Over the last few years, I have been teaching dozens of sketching and sketchnoting workshops.
The buzz and excitement of a workshop is great. People are fired up to learn something new, to tap into the knowledge and experience of a seasoned practitioner. That’s great. But sometimes there is an expectation to learn ‘the secret’ and then everything will be fine.
Well… the ‘secret’ is, there sure are a lot of useful points that can be taught to give people a kick-start, but – as one of my improvisation teacher once put it: “You don’t become an improviser by doing workshops”. A workshop can get you started or give you new ideas, but the only thing that will make you good at whatever you want to learn is…(drumroll)… practice.
Practice is the unseen, unglamorous part behind the beautiful work that finally sees the light of day.
Many hours spent practicing your craft, on your own, away from the spotlight. Pages of sketches that never get seen by anyone else but us.
In my workshops, I put a lot of emphasis on the importance of practice. Instead of giving people readymade ‘solutions’ for how to sketch certain objects or concepts, I give them pointers to how they can try out different things for themselves, how they can play with various possibilities and how they can build their own practice to develop their own style.
Let’s take a look why practice is important, which obstacles you might face when building a practice, how you can overcome them and how you can make your practice valuable and fun.
Practice, and all is coming
As with all things that require skill, practice is the most important thing when you want to improve your sketching. Practice means spending time doing, not thinking about doing. Practice is a way to try things out, to make mistakes, take detours, explore unknown territory in your time, on your own terms. Practice is also regular. Practice builds over time.
Practice also means that you have to show up and just get going. On a regular basis. Ideally every day. This doesn’t mean that you have to spend a huge amount of time every day, but it means that you need to develop the discipline to sit down and sketch, even if you might sometimes not feel like it. I often don’t feel like sketching, but I know that as soon as I take the pen in my hand and I sketch for a few minutes, I will get into the flow and enjoy it.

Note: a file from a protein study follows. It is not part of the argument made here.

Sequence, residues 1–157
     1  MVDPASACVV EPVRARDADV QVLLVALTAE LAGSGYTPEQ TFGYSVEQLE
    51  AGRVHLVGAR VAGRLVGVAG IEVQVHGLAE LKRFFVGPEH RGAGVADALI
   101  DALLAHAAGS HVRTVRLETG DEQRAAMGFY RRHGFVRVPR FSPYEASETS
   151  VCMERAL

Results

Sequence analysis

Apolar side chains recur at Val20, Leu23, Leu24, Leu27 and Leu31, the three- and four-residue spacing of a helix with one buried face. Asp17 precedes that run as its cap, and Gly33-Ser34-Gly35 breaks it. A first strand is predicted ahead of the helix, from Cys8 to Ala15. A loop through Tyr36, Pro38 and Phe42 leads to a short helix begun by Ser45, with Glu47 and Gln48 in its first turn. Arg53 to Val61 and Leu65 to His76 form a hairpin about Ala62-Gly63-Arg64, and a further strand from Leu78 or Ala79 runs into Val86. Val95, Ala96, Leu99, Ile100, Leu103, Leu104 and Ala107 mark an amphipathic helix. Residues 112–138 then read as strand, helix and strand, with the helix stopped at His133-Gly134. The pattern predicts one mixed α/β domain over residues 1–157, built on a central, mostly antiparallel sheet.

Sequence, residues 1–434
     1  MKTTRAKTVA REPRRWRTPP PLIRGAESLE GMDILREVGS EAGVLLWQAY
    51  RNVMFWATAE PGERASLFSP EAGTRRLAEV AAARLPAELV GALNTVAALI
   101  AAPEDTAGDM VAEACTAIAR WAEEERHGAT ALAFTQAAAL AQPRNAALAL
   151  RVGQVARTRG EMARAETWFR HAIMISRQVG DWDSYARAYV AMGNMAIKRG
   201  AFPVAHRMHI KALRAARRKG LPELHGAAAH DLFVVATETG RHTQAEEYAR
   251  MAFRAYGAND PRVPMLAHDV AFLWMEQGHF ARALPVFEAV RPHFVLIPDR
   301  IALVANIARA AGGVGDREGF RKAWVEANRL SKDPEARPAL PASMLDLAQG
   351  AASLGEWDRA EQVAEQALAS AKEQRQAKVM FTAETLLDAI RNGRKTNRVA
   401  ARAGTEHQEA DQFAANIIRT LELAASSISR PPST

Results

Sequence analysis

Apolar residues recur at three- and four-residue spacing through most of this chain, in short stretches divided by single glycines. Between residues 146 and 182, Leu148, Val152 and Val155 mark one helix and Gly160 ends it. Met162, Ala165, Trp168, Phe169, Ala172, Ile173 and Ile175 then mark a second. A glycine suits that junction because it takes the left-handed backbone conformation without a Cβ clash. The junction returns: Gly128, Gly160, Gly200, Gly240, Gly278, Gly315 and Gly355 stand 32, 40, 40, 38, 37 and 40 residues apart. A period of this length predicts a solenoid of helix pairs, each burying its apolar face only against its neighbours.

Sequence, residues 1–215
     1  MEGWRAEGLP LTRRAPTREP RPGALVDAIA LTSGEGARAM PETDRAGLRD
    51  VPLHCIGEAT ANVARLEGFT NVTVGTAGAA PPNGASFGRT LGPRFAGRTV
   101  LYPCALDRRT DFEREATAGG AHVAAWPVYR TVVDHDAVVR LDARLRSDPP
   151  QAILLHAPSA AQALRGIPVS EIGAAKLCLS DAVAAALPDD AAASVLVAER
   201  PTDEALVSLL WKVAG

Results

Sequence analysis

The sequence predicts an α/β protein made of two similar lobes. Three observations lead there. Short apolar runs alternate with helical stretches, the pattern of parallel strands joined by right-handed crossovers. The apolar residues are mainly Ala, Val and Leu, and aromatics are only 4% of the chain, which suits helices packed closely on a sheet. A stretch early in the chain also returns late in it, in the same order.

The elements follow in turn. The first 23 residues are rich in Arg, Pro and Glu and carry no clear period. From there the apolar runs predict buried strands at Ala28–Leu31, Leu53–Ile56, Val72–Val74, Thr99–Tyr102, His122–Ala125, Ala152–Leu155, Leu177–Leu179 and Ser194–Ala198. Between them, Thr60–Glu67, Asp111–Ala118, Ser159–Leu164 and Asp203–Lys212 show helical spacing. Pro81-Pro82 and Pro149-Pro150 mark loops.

You have to trust the process.
Another thing about practice is that you have to trust the process. You will get better over time. And there will be many times where it will not feel that way. These are the moments that separate the people who get good at what they are doing and people who don’t. You need to push through these moments. You need to trust that when you practice, something is happening, even if you can’t see or feel it.
My personal learning curve
Over the years, I hit this frustrating point many times, in many domains. I love learning new things and I started learning new things many times in my life: sketching, theatre improvisation, calligraphy, yoga, running, new languages, you name it. In the process (besides learning the things I tried to learn), I learned something about learning new things in general. This is what my own personal learning curve looks like:
1. The honeymoon phase
I usually get very excited about learning a new thing. I’m inspired by the beautiful work that other people are doing in this field. I imagine how cool it will be to do similar things. I’m signing up for a workshop. It’s going to be awesome!
2. Reality kicks in
What looks so easy and elegant when the teacher is doing it, feels absolutely awkward and painful when I try to do it. What I produce is ugly and embarrassing. This is hard!
3. Rock bottom
I suck at this! I’ll never be able to do this! I’ll never get better at it. No way!
I have these feelings every time I try to learn something new. EVERY. SINGLE. TIME. They don’t stop coming up, no matter how often I went through the process of starting something from scratch. And every time, these thoughts feel absolutely real.
4. Just getting on with it
What I learned over time though is that I know they’ll come up. I expect them. They don’t catch me off guard. These thoughts are like an annoying old friend, the one I never wish to bump into again, but who shows up at every party.
“Oh hi… it’s you again! I’m sucking at this? Yep. I certainly do! Thanks for letting me know… Now I’ll just get on with stuff.”
I acknowledge that these thoughts are there, that the feelings are real, but I don’t let them stop me from just getting on with it. Yes, I’m bad at this right now. But at some point, I will be a little bit better. There’s no way around it. The only way is through.
5. Seeing the light
And guess what. At some point, it does get better. Gradually. Sometimes when I least expect it. And even when it gets better, it’s still not a linear ascent. There are dips and bumps, days when it feels like I am starting from scratch. Sometimes progress is invisible to the naked eye.
But when I look back over time and compare work from a few years ago with what I am doing today, I can actually see a difference.